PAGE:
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November 18, 2018 - Welcome Guest!

Advice » Mental Health

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Imagination gone wild


My 16-year-old daughter claims that she still has imaginary friends. I did not believe her at first, but then I witnessed her talking to herself one day. I mean a true conversation. I asked her about these friends of hers. She told me that she had more than 5.

There is one thing I did not tell you yet, she said that for every group of friends she has another name, age, basically life. She has also created these imaginary worlds that she just suddenly falls into. I asked her to stop talking to these friends, but less than a week later she told me she could not live without them.

Now, my daughter has begun to even use the names that she has created. I mean when she introduces herself, sometimes she says the wrong name. She is slowly but surely backing away from the real world, and that is scaring me. I mean she does not even have any real friends anymore. I need to know if my daughter has a mental disorder. If yes I need to what the mental disorder is and how to correct the problem. If not I need to know is this a phase or what?

Danielle, 45 year-old woman


Dear Danielle,

You are right to be concerned about your daughter, and I strongly urge you to take her to a mental health professional in your area for an evaluation. The behavior that you describe is not typical for her age, and it sounds as if the line between fantasy and reality is quickly becoming blurry for her. This is not a problem that you or she can correct on your own, and "giving up" her fantasy world is quite likely not something that she can do on her own through sheer force of will power in order to please you or honor a promise that she made to you. Once she is properly diagnosed, the therapist can work with you and her to design the course of treatment that she needs, which may include medication. It is important to get started as soon as possible, though, before she slips further into her fantasy life.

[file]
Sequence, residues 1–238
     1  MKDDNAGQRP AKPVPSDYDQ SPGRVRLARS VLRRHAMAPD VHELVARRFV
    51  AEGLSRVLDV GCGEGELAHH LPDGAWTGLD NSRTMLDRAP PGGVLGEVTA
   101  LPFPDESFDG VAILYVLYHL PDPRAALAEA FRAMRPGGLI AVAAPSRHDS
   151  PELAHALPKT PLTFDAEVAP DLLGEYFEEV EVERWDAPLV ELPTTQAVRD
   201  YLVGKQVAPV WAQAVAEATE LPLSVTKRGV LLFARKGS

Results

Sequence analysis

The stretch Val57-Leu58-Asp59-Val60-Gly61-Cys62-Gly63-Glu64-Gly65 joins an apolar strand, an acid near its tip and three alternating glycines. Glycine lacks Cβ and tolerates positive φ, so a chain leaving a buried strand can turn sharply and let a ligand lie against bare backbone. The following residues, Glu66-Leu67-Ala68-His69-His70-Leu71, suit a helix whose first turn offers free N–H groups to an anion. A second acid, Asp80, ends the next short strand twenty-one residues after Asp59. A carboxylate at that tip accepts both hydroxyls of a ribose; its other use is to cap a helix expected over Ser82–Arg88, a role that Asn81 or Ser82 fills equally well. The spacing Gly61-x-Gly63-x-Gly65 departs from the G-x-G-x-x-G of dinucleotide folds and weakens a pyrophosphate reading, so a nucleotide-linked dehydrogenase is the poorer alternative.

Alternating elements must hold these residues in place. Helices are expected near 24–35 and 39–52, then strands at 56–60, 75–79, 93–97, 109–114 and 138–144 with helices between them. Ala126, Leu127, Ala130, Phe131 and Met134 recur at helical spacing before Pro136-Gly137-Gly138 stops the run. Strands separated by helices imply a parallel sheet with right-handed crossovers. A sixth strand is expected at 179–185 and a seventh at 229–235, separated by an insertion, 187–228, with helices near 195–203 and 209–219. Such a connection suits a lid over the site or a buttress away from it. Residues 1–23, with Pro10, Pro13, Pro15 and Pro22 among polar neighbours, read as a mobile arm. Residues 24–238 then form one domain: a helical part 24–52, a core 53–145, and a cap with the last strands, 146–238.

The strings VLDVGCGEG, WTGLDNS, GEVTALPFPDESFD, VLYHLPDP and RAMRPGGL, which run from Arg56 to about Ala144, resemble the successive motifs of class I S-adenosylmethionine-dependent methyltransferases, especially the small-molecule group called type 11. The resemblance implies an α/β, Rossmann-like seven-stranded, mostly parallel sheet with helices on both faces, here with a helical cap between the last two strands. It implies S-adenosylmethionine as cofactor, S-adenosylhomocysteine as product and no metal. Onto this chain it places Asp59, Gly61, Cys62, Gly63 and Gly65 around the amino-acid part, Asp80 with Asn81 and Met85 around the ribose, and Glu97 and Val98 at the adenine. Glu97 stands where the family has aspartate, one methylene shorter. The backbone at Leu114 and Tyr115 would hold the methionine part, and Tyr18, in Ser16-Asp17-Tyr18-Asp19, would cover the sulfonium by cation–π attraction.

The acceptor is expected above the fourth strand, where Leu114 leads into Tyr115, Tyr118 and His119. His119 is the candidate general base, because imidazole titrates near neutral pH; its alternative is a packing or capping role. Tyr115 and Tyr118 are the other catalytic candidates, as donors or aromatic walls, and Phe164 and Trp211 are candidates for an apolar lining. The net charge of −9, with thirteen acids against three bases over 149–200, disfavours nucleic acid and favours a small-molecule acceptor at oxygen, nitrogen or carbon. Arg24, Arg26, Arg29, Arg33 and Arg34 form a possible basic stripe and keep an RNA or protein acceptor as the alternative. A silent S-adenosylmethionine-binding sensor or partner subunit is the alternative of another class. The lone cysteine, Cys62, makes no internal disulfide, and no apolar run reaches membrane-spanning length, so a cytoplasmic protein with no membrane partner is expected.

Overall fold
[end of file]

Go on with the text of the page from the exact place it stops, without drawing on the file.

Take care and good luck.


Susan Maroto

This question has been answered by Susan Maroto. She is a Licensed Clinical Social Worker working out of Mount Laurel, New Jersey. She uses an eclectic approach to holistic healing, mind-body relationships, life transitions, depression, and anxiety.

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